A 363 mile long an artificial waterway connecting the Hudson river at Albany with Lake Erie at Buffalo
Economic program advanced by Henry Clay that included support for a national bank, high tariffs, and internal improvements; emphasized strong role for federal government in the economy.
Chief Justice of the Supreme Court the strengthened the authority of the Federal government with a few court case decisions that supported the regulation of interstate commerce and the supremacy of the national laws over state laws. The last federalist.
To keep Congress in balance the "Compromise of 1820" over the issue of slavery in Missouri was passed. It was decided Missouri entered as a slave state and Maine entered as a free state and all states North of the 36th parallel were free states and all South were slave states.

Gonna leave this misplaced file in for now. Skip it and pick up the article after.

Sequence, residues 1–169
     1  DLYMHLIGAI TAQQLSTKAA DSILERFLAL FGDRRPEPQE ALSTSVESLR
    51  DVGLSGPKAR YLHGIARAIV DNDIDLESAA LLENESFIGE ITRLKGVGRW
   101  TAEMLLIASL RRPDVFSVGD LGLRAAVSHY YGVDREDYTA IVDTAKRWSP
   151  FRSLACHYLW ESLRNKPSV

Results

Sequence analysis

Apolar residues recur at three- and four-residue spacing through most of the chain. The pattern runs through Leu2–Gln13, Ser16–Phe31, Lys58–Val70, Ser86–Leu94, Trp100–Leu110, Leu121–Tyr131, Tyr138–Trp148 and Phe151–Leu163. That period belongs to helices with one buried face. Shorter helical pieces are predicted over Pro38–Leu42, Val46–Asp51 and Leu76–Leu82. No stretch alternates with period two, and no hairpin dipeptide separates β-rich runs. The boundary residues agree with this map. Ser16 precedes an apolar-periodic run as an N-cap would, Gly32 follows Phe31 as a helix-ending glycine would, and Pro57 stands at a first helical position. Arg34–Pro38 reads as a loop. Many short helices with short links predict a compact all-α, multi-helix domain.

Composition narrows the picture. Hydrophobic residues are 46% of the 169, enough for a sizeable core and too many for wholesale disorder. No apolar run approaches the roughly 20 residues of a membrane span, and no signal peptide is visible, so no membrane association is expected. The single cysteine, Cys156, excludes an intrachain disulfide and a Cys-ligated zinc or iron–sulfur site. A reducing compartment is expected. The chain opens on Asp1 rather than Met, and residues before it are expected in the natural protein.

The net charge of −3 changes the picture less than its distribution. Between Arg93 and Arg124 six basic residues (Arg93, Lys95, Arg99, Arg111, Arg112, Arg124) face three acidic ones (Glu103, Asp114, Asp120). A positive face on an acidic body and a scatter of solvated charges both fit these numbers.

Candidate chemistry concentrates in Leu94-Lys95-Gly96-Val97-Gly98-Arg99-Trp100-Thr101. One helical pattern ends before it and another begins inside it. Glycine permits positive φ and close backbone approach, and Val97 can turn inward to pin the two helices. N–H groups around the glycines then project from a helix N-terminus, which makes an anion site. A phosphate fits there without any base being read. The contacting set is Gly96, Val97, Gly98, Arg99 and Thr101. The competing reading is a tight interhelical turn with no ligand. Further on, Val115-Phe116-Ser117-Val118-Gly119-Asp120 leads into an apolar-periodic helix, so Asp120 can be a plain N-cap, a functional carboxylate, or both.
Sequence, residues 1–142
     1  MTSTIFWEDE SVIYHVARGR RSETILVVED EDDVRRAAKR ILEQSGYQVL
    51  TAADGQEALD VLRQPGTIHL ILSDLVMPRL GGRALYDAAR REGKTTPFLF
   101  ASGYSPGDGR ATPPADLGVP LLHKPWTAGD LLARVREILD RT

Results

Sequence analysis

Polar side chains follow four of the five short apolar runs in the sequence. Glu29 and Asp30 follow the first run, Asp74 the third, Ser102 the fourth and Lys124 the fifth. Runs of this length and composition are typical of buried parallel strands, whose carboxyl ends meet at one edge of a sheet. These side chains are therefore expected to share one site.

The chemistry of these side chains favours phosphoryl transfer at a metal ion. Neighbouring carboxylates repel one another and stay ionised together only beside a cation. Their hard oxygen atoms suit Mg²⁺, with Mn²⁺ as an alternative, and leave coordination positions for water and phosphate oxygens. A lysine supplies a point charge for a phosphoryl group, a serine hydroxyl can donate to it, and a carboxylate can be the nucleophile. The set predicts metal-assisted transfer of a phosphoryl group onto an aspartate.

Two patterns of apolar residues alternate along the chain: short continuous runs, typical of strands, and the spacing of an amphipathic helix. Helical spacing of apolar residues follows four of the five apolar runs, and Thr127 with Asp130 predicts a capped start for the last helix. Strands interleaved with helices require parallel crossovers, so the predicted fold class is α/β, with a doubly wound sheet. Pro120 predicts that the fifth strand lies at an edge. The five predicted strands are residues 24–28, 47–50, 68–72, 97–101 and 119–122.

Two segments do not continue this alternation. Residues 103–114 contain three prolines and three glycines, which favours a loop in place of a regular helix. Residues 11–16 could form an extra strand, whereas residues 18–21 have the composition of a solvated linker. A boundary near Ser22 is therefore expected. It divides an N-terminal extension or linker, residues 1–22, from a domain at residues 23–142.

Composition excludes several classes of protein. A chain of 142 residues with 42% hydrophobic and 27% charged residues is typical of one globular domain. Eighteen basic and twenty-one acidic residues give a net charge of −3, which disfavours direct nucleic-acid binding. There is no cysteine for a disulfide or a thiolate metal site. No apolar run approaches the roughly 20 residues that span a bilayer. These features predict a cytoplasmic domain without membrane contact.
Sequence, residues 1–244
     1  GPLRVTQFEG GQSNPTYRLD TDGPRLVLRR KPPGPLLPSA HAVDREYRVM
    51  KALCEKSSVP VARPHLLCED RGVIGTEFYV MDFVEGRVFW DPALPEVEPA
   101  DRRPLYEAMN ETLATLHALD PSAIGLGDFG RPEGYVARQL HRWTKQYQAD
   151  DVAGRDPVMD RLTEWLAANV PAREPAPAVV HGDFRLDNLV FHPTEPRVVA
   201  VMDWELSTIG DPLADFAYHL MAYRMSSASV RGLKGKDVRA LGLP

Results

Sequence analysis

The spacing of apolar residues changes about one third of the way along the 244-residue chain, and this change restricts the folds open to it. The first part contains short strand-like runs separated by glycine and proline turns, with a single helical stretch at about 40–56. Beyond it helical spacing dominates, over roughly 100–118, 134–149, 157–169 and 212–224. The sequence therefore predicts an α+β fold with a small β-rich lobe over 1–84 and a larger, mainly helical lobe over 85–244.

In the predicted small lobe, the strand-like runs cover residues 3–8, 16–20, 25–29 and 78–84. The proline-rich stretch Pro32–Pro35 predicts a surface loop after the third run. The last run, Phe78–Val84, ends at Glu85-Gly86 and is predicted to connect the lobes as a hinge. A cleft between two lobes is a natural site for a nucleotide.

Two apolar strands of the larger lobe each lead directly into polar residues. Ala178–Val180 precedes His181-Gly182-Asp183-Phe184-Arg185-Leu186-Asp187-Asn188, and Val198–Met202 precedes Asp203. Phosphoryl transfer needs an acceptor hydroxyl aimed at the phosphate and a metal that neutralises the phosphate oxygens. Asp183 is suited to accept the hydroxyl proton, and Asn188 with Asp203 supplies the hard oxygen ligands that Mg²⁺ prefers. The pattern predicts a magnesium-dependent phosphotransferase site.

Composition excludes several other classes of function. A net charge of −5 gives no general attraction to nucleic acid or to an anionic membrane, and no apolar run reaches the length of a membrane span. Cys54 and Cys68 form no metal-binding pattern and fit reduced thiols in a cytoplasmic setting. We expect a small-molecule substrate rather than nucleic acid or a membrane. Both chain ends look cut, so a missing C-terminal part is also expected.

The Era of Good Feelings
A name for President Monroe's two terms, a period of strong nationalism, economic growth, and territorial expansion. Since the Federalist party dissolved after the War of 1812, there was only one political party and no partisan conflicts.
After the War of 1812 they had no rival until 1828 and dominated the US governmental policies.
Through the process of a military attack and the negotiating power of J.Q. Adams, we were able to acquire this property from the Spanish under Monroe.
A statement of foreign policy which proclaimed that Europe should not interfere in affairs within the United States or in the development of other countries in the Western Hemisphere. Written by someone else.
John Quincy Adams
The true author of the Monroe Doctrine as Sec. of State which gained him favor to run for the presidency in 1824